Event: Jamie’s mar­shalling ex­pe­ri­ence

Walking New Zealand - - Contents - By Jamie James

The air was crisp and clean and the day full of prom­ise as I headed out the door on route to do my first marathon mar­shalling ser­vice. I ar­rived early to my spot and was grate­ful I had taken the time to or­gan­ise a few home com­forts. I passed the first half an hour sip­ping hot tea and re­lax­ing on a rather ro­bust chair. “What is one to do in such sit­u­a­tions when not ac­tu­ally com­pet­ing”, I thought to my­self. Usu­ally I’m the one giv­ing my all in the race, but this time I’m car­ry­ing an in­jured calf mus­cle. The an­swer was not long in com­ing back…add value.

Add value to the ath­letes. En­cour­age them, smile, look them in the eye and tell them they were do­ing a great job. I then be­gan to take up my cause with great gusto and made it a point (to the best of my abil­ity) to do all of the above to as many ath­letes as I could.

For some at the front of the race they were used to hear­ing these words of ad­mi­ra­tion and en­cour­age­ment. But for the ma­jor­ity, those in the mid­dle and back of the pack the re­ac­tions to my words gave them a real un­ex­pected boost.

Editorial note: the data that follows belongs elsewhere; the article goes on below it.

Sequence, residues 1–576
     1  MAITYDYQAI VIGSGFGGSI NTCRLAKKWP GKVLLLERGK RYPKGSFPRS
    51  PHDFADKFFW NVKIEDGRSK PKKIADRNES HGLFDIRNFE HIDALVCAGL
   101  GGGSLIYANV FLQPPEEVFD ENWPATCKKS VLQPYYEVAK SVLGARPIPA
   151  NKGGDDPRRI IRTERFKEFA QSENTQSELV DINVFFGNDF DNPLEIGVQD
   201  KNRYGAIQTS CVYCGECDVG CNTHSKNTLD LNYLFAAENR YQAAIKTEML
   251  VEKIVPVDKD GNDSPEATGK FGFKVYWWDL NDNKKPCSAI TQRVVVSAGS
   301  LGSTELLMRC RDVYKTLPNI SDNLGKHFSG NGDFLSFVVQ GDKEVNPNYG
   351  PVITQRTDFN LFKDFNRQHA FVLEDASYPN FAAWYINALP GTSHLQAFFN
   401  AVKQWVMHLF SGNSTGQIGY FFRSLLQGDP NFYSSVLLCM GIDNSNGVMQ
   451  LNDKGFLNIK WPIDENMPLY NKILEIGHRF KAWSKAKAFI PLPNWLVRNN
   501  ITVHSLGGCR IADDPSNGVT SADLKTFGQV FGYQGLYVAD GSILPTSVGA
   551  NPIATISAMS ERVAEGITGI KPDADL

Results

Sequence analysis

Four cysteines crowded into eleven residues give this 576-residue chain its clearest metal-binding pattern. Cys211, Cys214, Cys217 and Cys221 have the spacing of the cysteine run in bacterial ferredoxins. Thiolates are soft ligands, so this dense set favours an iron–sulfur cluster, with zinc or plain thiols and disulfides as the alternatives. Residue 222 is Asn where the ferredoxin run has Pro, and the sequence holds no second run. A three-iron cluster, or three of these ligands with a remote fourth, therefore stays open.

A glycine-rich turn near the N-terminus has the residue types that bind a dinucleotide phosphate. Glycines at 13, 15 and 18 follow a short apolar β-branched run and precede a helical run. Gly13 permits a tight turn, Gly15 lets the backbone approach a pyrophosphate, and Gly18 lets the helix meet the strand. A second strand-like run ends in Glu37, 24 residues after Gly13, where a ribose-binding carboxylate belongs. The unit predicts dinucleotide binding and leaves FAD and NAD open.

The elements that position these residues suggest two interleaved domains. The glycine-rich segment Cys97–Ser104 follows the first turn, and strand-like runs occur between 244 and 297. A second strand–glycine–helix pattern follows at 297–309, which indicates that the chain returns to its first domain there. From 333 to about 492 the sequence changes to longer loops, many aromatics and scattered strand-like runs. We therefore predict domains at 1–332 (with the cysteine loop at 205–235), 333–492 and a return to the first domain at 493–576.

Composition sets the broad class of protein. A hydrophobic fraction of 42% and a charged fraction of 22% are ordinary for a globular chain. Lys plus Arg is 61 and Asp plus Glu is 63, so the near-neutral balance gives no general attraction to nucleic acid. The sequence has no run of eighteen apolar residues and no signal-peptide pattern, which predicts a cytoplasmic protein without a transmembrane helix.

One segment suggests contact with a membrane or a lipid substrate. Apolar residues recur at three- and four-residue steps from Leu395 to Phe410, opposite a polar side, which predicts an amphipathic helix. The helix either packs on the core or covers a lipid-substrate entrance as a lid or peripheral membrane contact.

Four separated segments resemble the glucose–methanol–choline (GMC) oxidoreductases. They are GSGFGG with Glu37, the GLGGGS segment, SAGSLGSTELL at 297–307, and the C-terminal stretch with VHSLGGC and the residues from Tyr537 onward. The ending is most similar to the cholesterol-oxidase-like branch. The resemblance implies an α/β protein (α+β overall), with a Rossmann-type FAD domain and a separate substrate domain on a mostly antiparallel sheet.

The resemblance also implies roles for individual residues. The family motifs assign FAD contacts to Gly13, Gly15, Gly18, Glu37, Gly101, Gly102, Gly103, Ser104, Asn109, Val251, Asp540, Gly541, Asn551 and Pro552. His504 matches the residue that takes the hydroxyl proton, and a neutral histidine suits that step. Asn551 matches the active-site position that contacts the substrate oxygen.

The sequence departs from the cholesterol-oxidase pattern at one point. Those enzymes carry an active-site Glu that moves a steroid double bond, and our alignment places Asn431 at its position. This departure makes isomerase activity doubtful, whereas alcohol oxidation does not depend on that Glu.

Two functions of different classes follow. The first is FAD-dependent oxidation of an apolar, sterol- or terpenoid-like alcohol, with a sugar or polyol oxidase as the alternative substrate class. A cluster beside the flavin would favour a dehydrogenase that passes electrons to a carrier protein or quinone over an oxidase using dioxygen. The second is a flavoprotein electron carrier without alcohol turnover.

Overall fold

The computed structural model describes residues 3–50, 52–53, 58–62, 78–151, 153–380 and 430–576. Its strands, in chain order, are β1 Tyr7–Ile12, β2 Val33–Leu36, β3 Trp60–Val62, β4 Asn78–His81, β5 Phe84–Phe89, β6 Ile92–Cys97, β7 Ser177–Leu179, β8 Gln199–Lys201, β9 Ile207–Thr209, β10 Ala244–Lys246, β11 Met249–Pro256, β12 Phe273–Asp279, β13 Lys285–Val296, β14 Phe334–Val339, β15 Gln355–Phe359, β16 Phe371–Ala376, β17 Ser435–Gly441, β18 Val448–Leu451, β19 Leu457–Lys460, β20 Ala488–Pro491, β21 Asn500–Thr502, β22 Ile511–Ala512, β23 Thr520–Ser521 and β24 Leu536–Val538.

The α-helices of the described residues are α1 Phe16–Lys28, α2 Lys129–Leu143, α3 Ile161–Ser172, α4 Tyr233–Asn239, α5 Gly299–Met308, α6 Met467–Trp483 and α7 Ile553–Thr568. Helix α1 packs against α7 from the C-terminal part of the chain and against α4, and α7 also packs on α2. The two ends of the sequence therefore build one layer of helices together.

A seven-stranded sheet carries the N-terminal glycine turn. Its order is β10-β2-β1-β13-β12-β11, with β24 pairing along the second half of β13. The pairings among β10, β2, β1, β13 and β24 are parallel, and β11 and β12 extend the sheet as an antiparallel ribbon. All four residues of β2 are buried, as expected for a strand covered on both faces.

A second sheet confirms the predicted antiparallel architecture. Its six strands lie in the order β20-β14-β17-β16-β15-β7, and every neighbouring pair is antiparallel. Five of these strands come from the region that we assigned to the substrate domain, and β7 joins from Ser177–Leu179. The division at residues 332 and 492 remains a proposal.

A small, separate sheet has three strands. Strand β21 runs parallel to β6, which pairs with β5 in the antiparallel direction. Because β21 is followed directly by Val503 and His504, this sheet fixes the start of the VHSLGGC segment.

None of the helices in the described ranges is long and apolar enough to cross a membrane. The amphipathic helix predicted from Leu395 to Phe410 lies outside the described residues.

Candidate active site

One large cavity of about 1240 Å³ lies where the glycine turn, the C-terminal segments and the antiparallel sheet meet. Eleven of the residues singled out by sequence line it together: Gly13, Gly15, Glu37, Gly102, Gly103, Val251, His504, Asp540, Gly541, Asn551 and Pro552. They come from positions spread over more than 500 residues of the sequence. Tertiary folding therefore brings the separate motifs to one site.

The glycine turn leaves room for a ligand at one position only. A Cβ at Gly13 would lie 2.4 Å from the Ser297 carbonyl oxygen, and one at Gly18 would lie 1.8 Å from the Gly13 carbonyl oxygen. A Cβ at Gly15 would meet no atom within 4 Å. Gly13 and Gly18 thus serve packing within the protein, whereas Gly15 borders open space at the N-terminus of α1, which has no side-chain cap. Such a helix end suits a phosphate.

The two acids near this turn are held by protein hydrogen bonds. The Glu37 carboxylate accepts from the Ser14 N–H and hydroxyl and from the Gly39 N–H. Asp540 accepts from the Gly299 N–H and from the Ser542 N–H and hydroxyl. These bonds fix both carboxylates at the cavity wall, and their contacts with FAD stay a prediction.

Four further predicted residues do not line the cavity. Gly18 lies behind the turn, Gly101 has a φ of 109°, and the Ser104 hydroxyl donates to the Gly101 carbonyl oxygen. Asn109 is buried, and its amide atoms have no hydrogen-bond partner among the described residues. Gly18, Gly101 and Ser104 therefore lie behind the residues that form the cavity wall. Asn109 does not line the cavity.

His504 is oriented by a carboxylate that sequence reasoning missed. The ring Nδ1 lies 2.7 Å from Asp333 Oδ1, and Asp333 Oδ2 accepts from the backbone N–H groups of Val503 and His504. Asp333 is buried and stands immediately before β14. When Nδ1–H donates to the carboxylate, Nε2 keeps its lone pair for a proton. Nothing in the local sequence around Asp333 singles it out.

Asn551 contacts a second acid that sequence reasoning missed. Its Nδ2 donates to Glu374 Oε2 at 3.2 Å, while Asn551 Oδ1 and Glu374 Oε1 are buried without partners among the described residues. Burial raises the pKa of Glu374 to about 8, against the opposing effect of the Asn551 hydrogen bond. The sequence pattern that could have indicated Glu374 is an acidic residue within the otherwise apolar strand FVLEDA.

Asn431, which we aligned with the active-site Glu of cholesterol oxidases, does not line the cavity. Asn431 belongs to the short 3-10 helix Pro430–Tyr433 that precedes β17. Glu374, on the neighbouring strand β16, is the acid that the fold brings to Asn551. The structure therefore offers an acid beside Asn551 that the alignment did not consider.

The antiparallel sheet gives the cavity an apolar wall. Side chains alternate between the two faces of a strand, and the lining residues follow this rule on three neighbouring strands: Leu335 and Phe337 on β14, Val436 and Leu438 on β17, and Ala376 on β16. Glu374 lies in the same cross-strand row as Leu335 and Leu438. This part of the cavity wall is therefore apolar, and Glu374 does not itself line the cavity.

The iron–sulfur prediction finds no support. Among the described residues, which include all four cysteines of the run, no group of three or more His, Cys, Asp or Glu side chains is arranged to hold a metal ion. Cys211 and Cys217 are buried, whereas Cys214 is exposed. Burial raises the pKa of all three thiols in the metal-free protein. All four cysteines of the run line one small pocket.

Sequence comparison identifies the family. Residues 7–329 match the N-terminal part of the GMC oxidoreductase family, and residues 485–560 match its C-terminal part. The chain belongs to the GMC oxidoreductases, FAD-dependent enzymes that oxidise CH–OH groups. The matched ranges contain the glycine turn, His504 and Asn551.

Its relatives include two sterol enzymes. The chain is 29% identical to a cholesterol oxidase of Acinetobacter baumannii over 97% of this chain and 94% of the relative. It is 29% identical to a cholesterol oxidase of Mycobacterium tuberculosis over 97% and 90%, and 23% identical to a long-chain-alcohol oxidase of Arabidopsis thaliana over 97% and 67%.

I be­gan to see that these aver­age and less able com­peti­tors were con­quer­ing their own in­ter­nal bat­tles. They were com­pet­ing to the best of their vary­ing abil­i­ties and the whole scene be­came quite heroic.

The funny thing was as I was en­cour­ag­ing oth­ers, it seemed my own spir­its were lifted. I walked away from my duty with a smile on my face and a spring in my step. I was es­pe­cially in­ter­ested in those last strug­gling com­peti­tors, who I had given a lit­tle bit of ex­tra en­cour­age­ment. I was look­ing out for them at the fin­ish line.

So if you ever get the chance to be a mar­shal, don’t just go through the mo­tions.

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